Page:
Note: Shorty’s.32 closed in September 2011, the victim of “bad business decisions.”
At Shorty’s.32, the backstory is a familiar one: a fine-dining chef opens a neighborhood comfort-food spot. We’ve seen it all over town.
At Shorty’s, that chef is Josh Eden, who cooked at several restaurants in Jean-Georges Vongerichten’s empire, eventually working his way up to chef de cuisine at JoJo. The diminutive Mr. Eden picked up the nickname “Shorty,” and the restaurant has 32 seats, which explains the otherwise inscrutable name.
You’ll find little of Chef Vongerichten’s influence here, just standard upscale American comfort food priced slightly on the expensive side, with appetizers $8–14, entrées $16–30, and side dishes $7. Based on the hearty portions we were served, we’re not sure why anyone would really need a side dish here.
The wine list is priced in line with the menu. Reds range from $28–180, with an emphasis on lesser known producers. I loved a 2005 Alliet Chinon “Vieilles Vignes” Cabernet Franc ($60), which I was able to taste by the glass because the bar happened to have a bottle open.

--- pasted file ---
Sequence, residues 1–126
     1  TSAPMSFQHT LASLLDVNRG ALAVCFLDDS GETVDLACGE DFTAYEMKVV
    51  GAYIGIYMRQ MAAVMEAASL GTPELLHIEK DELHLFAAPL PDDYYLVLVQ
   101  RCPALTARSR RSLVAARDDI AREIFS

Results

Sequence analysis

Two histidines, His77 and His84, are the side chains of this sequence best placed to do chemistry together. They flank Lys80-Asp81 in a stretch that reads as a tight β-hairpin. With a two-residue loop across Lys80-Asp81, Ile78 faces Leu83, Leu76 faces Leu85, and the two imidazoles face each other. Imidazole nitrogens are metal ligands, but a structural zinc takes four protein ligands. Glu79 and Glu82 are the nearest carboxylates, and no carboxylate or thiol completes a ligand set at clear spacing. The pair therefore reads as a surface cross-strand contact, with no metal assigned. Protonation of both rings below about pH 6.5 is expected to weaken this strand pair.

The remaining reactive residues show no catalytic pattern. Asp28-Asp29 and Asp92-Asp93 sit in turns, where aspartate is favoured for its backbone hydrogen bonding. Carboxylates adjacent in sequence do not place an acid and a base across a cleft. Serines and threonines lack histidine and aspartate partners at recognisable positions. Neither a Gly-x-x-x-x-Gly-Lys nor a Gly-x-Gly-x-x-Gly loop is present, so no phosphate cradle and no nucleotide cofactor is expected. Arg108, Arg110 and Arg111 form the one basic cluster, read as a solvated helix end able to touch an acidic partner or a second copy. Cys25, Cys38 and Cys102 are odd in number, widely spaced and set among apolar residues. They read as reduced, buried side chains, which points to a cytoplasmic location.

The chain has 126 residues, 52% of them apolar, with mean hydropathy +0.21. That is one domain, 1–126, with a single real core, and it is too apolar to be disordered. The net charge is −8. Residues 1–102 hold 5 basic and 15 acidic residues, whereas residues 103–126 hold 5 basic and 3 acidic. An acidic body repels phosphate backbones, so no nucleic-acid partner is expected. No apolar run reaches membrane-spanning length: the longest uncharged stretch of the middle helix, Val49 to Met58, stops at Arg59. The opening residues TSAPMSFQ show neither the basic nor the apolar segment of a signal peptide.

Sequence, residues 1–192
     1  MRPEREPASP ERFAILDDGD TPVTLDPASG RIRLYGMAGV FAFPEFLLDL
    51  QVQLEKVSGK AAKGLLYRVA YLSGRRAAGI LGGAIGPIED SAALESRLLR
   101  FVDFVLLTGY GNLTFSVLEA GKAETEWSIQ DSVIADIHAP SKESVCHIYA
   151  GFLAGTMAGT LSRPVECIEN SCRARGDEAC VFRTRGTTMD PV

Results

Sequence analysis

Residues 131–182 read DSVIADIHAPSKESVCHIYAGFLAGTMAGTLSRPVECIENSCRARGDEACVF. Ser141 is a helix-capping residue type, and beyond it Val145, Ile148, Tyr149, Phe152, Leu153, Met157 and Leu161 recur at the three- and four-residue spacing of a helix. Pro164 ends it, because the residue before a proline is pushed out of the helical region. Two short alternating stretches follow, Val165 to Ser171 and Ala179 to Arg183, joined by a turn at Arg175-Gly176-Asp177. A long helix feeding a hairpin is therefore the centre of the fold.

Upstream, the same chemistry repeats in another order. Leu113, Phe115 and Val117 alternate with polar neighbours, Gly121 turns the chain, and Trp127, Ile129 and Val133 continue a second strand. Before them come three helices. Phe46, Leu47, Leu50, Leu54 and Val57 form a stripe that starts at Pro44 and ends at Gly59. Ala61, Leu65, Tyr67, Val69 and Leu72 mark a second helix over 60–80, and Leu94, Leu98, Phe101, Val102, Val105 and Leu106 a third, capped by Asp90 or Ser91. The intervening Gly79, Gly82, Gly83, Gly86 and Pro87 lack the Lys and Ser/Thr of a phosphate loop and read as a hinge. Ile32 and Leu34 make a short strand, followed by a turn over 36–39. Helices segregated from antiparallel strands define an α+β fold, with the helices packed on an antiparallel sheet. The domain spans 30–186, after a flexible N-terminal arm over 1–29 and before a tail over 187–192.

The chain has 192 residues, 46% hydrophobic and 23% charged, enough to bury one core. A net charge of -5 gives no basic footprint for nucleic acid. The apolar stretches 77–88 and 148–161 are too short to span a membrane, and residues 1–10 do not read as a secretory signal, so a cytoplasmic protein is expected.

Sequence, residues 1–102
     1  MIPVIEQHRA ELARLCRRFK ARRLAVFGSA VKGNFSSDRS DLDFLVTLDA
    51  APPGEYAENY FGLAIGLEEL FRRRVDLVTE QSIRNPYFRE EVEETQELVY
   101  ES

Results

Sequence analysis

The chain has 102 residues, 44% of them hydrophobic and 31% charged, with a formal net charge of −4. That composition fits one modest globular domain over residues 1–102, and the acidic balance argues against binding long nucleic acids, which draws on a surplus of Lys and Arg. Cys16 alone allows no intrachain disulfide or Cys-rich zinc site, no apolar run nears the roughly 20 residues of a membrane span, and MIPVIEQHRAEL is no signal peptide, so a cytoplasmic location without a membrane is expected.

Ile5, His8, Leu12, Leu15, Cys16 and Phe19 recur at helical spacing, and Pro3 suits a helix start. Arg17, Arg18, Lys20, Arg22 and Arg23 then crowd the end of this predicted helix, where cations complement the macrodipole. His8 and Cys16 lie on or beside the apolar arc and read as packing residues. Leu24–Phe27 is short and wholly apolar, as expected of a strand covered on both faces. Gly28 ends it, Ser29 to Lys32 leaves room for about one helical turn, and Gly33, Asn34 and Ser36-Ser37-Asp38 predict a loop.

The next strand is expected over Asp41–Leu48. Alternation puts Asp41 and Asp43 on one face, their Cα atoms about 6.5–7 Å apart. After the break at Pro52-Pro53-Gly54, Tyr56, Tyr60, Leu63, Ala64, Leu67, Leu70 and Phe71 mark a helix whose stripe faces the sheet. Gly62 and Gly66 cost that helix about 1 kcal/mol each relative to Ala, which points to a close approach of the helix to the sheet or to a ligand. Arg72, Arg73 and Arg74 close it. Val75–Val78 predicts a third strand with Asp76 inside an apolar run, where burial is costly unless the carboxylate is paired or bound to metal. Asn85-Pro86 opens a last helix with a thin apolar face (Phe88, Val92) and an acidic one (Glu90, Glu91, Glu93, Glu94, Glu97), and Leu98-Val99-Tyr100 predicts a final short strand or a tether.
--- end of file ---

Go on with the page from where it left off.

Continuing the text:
The food was all competently prepared, but a few days later I had already forgotten most of it. Fortunately, I had the photos to remind me. Crabsticks ($14; above left) were basically cakes served in the shape of spring rolls. Braised Pork Belly shared the bowl with a Cranberry Bean Salad ($12; above right).
The dishes Frank Bruni liked, when he awarded one star, are still on the menu. He was not fond of a pork chop in “a soggy milieu of mashed yams.” Replacing it is Pork Milanese ($24; above left), suffocated by a pea shoot and radish salad. Bruni liked the Braised Short Ribs ($29; above left). I found the saucing too heavy, but the side of elbow macaroni was just fine.
A glance at Chef Eden’s resume might lead you to expect culinary fireworks. There are none. What you do get is solid comfort food, worth a look if you happen to be in the area.
Shorty’s.32 (199 Prince Street between Sullivan & MacDougal Streets, SoHo)